Volcan Irazu as we approached Costa Rica's Central Valley

First Time Uber Users

We touched down at SJO less than 30 minutes from lift-off in San Isidro feeling a bit like we'd gone through a wormhole. We hiked out to the main turnaround outside the departure-arrival tracks and stood in a shady spot to hail an Uber cab on Tamara's smartphone. As you may know, Uber's arrival in Costa Rica has been a sore point to say the least among San José taxi drivers and the legality/illegality of the operation argued back and forth based on Costa Rica's naturally antiquated code in the area of public transportation.


Uber Controversy

Me, I welcome Uber as a welcome step forward in Costa Rica's modernization, but I am not without sympathy for the taxi companies, although that sympathy is well-tempered by their sense of entitlement, not infrequent ill manners, dirty vehicles and the occasional dishonesty. We had none of that with Uber on our introductory trips.


Whelmed by the Uber App

The Uber app I find annoyingly non-intuitive, but I love the GPS map that shows all the Uber cars in your area moving around like ants, the instant communication you can make with a driver who has picked up your request and the complete lack of a cash transaction. Everything is automatically charged to your credit card and no tip is expected. You can get fare estimates between any two points before committing to using the service.


The First Ride

Our first ride was to the U.S. Embassy of course and the driver arrived within 5 minutes or less. The car was practically new, the driver spoke fluent English and we had a great time discussing our mutual lives and his experience with Uber. He does get hassled by the red taxis taking his picture and supposedly reporting him to some authority, but nothing has come of it and there are now over 2,000 Uber drivers in San José. It's a movement unlikely to be curtailed. Uber drivers actually would welcome some regulation as that would put them more on par with the taxis and quell the controversies.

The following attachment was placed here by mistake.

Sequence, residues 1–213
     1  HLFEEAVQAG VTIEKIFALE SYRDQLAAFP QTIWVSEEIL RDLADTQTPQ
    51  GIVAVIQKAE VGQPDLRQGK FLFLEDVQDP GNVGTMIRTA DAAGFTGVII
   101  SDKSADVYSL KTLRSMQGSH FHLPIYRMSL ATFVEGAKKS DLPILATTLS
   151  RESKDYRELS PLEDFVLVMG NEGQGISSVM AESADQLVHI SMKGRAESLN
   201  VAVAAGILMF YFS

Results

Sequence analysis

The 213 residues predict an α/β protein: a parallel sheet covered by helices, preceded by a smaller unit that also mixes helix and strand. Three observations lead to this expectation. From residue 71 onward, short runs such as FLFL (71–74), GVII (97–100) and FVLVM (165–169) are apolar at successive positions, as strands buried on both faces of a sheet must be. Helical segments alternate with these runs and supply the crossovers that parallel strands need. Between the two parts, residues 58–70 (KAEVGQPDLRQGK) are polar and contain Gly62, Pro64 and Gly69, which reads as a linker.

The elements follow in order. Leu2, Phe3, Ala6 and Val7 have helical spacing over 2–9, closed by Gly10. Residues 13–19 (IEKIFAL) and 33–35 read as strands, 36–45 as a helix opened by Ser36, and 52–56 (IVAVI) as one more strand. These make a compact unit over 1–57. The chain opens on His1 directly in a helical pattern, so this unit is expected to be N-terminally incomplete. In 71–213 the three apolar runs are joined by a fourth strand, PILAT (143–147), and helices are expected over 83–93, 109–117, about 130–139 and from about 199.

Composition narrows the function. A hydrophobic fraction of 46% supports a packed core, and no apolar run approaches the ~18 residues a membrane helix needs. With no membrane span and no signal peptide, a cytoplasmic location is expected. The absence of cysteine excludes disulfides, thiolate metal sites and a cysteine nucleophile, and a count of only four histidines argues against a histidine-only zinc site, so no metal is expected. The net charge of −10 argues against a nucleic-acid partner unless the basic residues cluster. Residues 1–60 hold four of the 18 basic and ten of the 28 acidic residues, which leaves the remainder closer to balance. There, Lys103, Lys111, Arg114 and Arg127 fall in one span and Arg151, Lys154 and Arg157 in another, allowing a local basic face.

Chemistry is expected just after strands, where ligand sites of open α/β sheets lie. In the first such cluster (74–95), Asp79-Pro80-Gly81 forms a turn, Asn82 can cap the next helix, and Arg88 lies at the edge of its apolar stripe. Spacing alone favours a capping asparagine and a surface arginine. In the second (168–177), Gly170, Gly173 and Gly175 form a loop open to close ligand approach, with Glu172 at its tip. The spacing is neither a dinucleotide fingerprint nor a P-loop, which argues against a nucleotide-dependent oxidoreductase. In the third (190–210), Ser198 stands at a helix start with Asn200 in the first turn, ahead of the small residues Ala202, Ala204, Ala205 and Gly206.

The Second Ride and Total Fare

After the uneventful embassy visit (for some reason, it's like a ghost town there now), we grabbed some lunch at a nearby café and after the meal, called up another Uber driver. Unfortunately, Uber had placed our location about six blocks north of actual, and due to the paucity of street signs it took us a while to realize the mistake as we watched the driver circling the pinned location but not seeing him on the street.

Once that got straightened out, we again were treated to an extremely courteous driver plus a comfortable trip in a spotless Renault to the Musoc bus station across town. In total, for the two rides, from the airport to Musoc, we spent 12 mil on cab fare, or about $22.50. I do believe that is way cheaper than the red cabs charge for a straight trip from SJO to Musoc these days.

Musoc to San Isidro

We arrived at the Musoc terminal and got two of the  few seats left for the 12:30 bus. There was just time for us to take a café americano (which was not bad at all) and eat a cream puff before getting in line.

I'm not sure if we got lucky or the ticket seller did my long legs a favor, but we got two of only three seats that have extra legroom all the way in the back. I pretty much snoozed the whole way to the halfway point high on Cerro de La Muerte, so it seemed a short trip to me. We were soon back in San Isidro, picked up the car across from the bus station and made it home before 4 PM.

I'll be keeping my eyes out for any can't-pass-up promotions by either Sansa or Nature Air in the future, so we can explore more of the country by air. It's really a great, stress-free way to get around and see the big picture. If we are taking trips out of the country, as we hope to do more often starting next year, the Sansa flight is the obvious choice for getting to and from the airport or for visitors arriving from the States.